Collaborating with Mak, however, offered something better: a rigorous mathematical model that describes the enzyme's motion and interaction with the DNA and an algorithm for directly reading out AID's dynamics from the mutation patterns.

At the time, Mak was working on the mathematics of quantum mechanics. Using similar techniques, Mak was able to help generate the model, which has been shown through testing to be accurate.

"Mathematics is the universal language behind physical science, but its central role in interpreting biology is just beginning to be recognized," Mak said. Goodman and Mak collaborated on the research with Phuong Pham, assistant research professor, and Samir Afif, a graduate student at USC Dornsife. An article on their work, which will appear in print in the Journal of Biological Chemistry on October 11, was selected by the journal as a "paper of the week."

Next, the team will generalize the mathematical model to study the "real life" action of AID as it initiates mutations during the transcription of Ig variable and constant regions, which is the process needed to generate immunodiversity in human B-cells.


Story Source:

The above story is based on materials provided by University of Southern California. Note: Materials may be edited for content and length.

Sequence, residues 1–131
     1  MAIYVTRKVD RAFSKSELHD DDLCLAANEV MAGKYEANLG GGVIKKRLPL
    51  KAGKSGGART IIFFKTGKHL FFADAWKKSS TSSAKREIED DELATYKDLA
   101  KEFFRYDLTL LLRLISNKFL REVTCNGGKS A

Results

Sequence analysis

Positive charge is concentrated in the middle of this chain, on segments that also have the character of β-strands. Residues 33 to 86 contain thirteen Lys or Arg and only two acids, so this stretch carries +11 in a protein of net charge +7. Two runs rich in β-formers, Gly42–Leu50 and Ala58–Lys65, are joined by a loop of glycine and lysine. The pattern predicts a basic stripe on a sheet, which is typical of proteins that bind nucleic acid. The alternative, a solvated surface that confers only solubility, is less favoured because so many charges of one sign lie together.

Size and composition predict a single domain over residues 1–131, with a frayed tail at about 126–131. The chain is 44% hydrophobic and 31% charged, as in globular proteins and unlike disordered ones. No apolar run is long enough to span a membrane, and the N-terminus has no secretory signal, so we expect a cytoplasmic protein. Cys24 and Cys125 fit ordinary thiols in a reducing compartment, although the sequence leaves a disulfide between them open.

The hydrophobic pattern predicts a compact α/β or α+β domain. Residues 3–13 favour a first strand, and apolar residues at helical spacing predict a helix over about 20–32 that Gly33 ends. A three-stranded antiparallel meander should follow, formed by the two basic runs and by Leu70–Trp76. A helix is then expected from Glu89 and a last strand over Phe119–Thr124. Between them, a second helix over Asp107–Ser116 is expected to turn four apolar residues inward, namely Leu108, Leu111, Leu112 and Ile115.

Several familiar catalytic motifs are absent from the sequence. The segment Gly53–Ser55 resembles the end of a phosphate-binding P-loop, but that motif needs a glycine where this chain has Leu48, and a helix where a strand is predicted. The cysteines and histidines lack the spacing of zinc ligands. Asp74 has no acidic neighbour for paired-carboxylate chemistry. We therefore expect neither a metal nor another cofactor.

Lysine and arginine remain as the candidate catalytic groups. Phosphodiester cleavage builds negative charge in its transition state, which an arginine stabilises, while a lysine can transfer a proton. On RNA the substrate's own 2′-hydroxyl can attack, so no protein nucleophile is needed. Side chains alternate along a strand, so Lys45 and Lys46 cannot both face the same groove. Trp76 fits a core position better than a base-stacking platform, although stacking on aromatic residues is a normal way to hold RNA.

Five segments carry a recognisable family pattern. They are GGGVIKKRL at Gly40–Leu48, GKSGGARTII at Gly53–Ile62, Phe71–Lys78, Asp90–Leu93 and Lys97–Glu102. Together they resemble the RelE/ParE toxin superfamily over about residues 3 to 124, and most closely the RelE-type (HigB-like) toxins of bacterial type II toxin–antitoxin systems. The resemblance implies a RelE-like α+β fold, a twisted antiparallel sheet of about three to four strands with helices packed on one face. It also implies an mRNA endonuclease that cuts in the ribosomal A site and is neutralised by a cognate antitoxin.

Journal Reference:

  1. C. H. Mak, P. Pham, S. A. Afif, M. F. Goodman. A Mathematical Model for Scanning and Catalysis on Single-stranded DNA, Illustrated with Activation-induced Deoxycytidine Deaminase. Journal of Biological Chemistry, 2013; DOI: 10.1074/jbc.M113.506550

Cite This Page:

University of Southern California. "Unlocking biology with math." ScienceDaily. ScienceDaily, 7 October 2013. <www.sciencedaily.com/releases/2013/10/131007132257.htm>.
University of Southern California. (2013, October 7). Unlocking biology with math. ScienceDaily. Retrieved July 30, 2014 from www.sciencedaily.com/releases/2013/10/131007132257.htm
University of Southern California. "Unlocking biology with math." ScienceDaily. www.sciencedaily.com/releases/2013/10/131007132257.htm (accessed July 30, 2014).

Share This




More Computers & Math News

Wednesday, July 30, 2014

Featured Research

from universities, journals, and other organizations


Featured Videos